That’s the amount of time I recommend spending in Florence if the purpose of the trip is to leave your kid there to study. Because not many humans can stomach more than 48 warnings and suggestions on how to secure your personal belongings. Thats roughly 48 dad warnings, followed by half a dozen mom snap-backs at dad. Even monks, and pickpockets at some point go “Alora, enough already. As long as she doesnt have Cappuccino after 10 she’ll be fine”. But I digress. A little early this time.
If you’ve been to Florence before, and you dream about seeing naked David again, prepare for a shock if you are returning anytime soon. Post Covid revenge travel is real, as everyone’s mom, neighbor, and accountant is talking about travelling to Italy these days. We arrived to Florence from “Florence of the south”, Lecce. As popular as Lecce was, Florence made Lecce feel like a remote sleepy hill village. Even the taxis had trouble navigating the crowds. I imagine Rome and Venice are not much different these days.
But Florence is still Florence, and there’s only one Florence. Even the Florence of the south is nothing like Florence of the north. Art, monuments, amazing food, and history on display particularly at the time of our visit. When you see a makeshift stadium built in front of Santa Croce, it can be one of two things. Either a Taylor Swift request was lost in translation, or its Calcio Storico time. Luckily for us it was the latter and we managed to score tickets to one of the semifinals. If you are not familiar with Calcio Storico, Ask Jeeves can probably explain better than Football, Wrestling, Rugby, Kick Boxing, and Couch Potato (When one sits on an an opponent back for 20 minutes for some reason) combined into one. Its one of those events that would never be allowed in the US.
When you revisit such cities, you often revisit a favorite place. To me that place in Florence is Da Ruggero, a quintessential trattoria passed from generation to generation, firmly outside of the tourist route. Traditional Tuscan food doesnt get much better than this. The Tuscan Crostini has quite a bit more oomph than the typical version you find all over the region. Some consider the Pappa al Pomodoro the best in town. Loved introducing my kid to it in between warnings. Salumi, outrageous as always. And the pastas, seemingly so little effort, and yet so much flavor. My happy place in Florence.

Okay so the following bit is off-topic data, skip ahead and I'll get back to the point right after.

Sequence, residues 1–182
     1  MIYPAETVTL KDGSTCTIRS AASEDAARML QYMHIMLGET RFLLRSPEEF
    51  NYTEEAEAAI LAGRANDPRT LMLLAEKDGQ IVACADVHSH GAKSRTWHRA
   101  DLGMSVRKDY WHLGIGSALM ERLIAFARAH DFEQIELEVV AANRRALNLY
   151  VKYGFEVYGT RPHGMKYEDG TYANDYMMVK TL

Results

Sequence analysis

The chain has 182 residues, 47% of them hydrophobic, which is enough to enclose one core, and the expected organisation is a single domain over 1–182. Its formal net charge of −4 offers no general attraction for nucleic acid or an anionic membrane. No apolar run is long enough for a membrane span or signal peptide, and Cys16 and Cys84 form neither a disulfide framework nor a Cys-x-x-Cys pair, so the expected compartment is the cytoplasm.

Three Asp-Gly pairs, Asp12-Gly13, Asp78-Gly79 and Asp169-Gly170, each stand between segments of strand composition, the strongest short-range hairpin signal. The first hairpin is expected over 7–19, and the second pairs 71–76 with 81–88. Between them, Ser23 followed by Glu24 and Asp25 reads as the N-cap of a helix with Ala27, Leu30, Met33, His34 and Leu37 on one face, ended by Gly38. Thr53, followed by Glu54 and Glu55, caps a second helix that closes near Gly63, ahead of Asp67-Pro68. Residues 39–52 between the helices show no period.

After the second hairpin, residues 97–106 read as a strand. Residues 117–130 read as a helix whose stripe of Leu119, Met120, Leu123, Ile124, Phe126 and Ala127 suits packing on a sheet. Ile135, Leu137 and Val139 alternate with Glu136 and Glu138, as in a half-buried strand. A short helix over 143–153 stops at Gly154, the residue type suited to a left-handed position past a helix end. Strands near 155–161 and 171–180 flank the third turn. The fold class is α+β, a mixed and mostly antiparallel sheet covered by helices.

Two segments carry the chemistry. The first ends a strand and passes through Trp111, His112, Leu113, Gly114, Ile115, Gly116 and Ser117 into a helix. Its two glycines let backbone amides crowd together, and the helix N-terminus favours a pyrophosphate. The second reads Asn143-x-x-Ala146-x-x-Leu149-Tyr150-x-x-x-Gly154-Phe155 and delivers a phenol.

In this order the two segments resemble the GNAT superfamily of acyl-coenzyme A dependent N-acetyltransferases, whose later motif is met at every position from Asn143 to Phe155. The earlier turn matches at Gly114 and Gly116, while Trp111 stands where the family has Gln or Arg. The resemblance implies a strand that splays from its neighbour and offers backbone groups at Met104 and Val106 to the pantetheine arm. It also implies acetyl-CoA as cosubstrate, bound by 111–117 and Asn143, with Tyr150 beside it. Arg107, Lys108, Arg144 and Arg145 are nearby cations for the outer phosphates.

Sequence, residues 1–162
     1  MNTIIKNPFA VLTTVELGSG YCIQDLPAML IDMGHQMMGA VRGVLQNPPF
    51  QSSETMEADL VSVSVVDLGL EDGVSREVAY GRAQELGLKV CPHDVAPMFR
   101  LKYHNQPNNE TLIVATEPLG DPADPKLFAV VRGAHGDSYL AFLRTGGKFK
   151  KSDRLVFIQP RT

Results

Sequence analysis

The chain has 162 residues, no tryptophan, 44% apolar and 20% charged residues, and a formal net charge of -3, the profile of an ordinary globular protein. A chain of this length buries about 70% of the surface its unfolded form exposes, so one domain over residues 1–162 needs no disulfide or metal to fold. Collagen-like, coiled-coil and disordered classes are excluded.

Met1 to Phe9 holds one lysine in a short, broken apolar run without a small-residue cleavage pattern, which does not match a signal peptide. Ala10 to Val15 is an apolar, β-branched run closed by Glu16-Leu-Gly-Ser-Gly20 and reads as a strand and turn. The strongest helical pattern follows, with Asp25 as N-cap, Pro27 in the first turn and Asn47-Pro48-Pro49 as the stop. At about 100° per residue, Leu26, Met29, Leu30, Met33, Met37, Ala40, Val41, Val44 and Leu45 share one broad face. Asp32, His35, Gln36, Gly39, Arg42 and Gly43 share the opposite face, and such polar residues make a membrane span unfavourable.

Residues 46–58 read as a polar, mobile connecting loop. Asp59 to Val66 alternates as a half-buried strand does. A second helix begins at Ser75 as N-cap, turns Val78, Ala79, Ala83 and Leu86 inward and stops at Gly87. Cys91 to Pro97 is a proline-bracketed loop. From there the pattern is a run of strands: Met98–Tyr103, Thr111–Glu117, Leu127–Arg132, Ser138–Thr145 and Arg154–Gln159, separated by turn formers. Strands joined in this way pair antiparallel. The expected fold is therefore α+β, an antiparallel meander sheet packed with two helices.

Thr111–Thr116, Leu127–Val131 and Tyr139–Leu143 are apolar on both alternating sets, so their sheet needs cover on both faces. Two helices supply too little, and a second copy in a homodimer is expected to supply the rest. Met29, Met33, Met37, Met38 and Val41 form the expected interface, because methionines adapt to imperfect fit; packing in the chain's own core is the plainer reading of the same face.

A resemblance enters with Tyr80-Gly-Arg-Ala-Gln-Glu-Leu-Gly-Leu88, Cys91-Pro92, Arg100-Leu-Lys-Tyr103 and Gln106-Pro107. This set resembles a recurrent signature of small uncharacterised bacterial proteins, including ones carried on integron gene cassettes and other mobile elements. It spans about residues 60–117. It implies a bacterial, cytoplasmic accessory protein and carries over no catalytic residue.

Since our accommodations this time were at the roomy and peaceful Residenza Marchesi Pontenani near Gladiator arena (Santa Croce), it was hard to avoid the craziness surrounding All’Antico Vinaio these days. On my last visit, roughly 8 years ago, All’Antico Vinaio was just another good sandwich shop. Today its the L’As du Fallafel of Florence and then some. They practically took over an entire block with multiple lines, police directing traffic, teens posing with the overstuffed sandwiches for selfies, and countless picnicking on the curb. I wasnt even tempted to try it. Ok, maybe a little. But I had other plans…
When in Bistecca city, you just have to have the, you guessed it, Gelato. Its not just a matter of which Gelato, but how many times a day. My old rule of picking anything that begins with “Car” is in serious jeopardy now that Carapina is no more. Though Carabè is still going strong. But on this trip, I settled on another old fave, Gelateria dei Neri where I ate three times in two days. EWZ historians tell me its a new EWZ record. The only unforced error was that only one of the tries was the sick Ricotta and Fig combo.